It has been long recognized that the relationship between psychosocial stress and somatic health is bi-directional: psychosocial stress affects general health status and somatic disease influences coping responses to stress. However, the mechanisms of this relationship remain poorly understood. Research from our laboratories and others has shown that the immune system is a nexus, interfacing between the central nervous systems and peripheral organ systems. Recent studies in mice indicate that T lymphocytes are protective against the development of maladaptive behavioral responses to stress. These studies are in agreement with our preliminary results suggesting that the T cell deficient RAG2-/- mice is more susceptible to the development of maladaptive behavioral responses to stress after acute or chronic stress exposure, and that reconstitution with CD4+ T cells from wild type mice restore adaptive responses to stress. Furthermore, our previous studies also indicates that miss-directed CD4+ T cell function, such as those seen in chronic inflammatory diseases, results in maladaptive behavioral stress responses. The objective of the present application is to further establish the bi-directional role played by CD4+ T cells in stress responsiveness and to enhance knowledge regarding mechanisms conferring resilience or susceptibility to psychosocial and other stress related disorders. The central hypothesis is that T cells will transiently traffic to the brain after stress exposure where they will stimulate the production of neurotrophic factors and cytokines, ultimately resulting in protection or aggravation of behavioral coping responses to stress. We further hypothesize that the mechanism of CD4+ T cell activation will determine the pattern of neurotrophic factor or cytokine expression. We will employ the RAG2-/- deficient mouse model, which lack functional T and B cells. We will reconstitute these mice with T cells by adoptive transfer and assess their behavior in models of acute and chronic stress. In vitro activation of T cells against environmental antigens will be applied to test differential mechanisms of activation. BALB/c wild type, RAG2-/-, and RAG2-/- mice reconstituted with T cells will be evaluated in the learned helplessness paradigm or in the social isolation model of stress. Immunohistochemistry and in situ hybridization histochemistry will be employed to analyze the presence of CD4+ T cells in the brain and the expression of neurotrophic factors. Real-time RT-PCR will be used to compare cytokine mRNA expression in the brain to evaluate brain inflammatory responses and the effects of T cell treatment. Lastly, blockade of glucocorticoid receptor function after stress exposure by administration of RU486 will be employed to evaluate the role of hormonal responses to stress known to mediate either homeostatic or deleterious effects of stress. These studies will provide insight into cellular mechanisms of resilience to psychogenic stress that when stimulated may provide regenerative and repair functions in the brain and restore normal stress responses and behaviors.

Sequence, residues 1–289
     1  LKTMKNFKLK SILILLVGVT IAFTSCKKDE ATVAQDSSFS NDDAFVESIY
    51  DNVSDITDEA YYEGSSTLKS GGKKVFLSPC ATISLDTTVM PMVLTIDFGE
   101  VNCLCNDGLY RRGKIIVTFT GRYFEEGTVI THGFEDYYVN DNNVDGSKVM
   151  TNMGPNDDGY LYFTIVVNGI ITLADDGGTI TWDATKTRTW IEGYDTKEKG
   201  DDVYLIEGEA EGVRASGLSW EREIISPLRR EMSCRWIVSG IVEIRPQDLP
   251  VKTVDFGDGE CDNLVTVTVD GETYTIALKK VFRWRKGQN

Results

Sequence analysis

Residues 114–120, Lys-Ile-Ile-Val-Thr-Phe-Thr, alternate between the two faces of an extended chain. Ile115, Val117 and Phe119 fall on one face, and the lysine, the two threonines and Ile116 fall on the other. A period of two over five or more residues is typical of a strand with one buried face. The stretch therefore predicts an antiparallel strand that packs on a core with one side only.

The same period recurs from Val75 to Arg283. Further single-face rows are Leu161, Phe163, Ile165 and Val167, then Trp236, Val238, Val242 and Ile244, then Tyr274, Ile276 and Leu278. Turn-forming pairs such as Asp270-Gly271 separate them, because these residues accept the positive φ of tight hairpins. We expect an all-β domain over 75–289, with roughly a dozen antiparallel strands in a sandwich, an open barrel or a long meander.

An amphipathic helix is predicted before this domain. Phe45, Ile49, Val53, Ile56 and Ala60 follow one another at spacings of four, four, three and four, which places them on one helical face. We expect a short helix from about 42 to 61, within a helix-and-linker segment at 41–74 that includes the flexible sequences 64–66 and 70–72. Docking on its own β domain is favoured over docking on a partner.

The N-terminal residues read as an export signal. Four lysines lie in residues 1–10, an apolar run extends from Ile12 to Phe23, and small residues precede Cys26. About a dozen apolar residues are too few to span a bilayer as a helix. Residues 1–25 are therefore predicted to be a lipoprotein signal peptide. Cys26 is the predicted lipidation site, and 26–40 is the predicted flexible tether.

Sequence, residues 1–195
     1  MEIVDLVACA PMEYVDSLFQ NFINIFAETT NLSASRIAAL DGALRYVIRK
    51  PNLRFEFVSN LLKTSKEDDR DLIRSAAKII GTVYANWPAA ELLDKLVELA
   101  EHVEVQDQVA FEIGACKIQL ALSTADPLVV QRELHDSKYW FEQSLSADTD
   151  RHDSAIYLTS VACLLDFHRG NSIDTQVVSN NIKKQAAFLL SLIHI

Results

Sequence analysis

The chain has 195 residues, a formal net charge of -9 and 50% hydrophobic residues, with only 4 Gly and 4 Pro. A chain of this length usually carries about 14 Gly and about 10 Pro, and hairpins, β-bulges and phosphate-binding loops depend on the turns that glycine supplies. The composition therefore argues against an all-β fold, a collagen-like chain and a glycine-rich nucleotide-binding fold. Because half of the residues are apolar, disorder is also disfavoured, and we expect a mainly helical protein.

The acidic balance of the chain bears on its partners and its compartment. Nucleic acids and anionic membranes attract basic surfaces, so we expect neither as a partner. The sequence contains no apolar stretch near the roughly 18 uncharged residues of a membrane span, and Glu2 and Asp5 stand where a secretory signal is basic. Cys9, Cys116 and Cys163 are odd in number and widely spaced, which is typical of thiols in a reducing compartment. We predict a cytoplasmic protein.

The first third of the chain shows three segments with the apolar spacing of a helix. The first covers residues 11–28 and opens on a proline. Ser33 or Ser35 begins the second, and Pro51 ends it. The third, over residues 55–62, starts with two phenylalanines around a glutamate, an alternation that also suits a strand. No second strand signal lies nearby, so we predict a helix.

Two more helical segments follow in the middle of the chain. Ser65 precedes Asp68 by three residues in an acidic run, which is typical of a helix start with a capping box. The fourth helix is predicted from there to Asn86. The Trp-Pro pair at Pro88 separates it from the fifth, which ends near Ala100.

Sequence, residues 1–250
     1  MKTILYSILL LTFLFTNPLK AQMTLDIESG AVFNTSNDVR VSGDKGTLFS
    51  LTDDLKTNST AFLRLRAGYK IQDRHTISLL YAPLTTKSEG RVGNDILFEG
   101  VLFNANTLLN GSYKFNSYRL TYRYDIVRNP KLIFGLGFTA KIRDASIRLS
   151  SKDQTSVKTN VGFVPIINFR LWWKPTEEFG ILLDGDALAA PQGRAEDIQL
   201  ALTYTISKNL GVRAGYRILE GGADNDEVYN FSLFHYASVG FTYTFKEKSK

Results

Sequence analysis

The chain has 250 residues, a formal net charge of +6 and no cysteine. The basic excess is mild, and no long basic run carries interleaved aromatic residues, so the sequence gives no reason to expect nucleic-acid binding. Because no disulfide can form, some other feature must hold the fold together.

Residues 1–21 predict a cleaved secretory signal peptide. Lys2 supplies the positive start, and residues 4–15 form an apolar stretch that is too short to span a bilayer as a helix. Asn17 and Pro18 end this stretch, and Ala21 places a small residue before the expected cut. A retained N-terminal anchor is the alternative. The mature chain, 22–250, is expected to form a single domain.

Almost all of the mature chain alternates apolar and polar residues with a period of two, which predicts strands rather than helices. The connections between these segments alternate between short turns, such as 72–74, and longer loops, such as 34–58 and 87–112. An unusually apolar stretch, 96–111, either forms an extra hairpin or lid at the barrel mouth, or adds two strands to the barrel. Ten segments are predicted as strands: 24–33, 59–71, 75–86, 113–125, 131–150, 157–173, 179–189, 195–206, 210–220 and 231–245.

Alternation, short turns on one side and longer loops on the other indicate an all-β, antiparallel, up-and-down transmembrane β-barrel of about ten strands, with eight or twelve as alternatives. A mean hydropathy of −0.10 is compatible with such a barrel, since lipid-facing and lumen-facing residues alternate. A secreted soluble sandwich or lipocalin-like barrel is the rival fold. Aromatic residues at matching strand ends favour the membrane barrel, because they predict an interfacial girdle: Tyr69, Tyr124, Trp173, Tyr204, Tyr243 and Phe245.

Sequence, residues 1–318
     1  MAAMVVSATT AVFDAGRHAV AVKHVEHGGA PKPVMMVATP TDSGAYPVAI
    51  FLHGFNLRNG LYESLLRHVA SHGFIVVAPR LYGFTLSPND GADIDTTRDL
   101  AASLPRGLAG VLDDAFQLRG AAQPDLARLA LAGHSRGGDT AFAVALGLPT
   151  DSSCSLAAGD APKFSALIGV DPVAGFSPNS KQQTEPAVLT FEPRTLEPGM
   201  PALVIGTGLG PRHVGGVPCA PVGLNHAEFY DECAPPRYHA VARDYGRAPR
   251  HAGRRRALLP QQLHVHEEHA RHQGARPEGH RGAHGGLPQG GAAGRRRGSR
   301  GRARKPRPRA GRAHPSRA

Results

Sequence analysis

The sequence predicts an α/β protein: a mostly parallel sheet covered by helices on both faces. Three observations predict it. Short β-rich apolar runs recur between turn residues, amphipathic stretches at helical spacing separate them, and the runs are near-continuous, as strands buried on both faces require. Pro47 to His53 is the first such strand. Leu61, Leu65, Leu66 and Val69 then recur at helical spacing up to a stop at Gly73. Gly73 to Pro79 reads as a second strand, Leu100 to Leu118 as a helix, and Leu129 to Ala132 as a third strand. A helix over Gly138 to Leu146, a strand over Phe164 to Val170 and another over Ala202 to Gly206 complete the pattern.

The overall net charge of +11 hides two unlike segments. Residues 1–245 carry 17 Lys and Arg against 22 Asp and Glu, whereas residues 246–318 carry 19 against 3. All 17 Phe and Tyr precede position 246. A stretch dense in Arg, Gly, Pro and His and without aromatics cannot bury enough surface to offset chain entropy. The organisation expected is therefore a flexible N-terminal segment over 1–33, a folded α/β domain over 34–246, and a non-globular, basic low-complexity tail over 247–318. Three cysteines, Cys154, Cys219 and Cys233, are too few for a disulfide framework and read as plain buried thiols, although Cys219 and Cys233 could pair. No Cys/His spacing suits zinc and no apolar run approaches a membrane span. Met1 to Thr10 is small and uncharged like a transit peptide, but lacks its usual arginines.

Mechanisms underlying the bi-directional relationship between psychological stress and organ systems are poorly understood. The present application will employ a genetically engineered mice model to study the role played by the CD4+ T lymphocyte subtype as key cellular entities conferring susceptibility or resilience to psychogenic stress and emotional behaviors. This information will significantly advance our understanding of the mind-body connection, and its role in mediating susceptibility to somatic disease.
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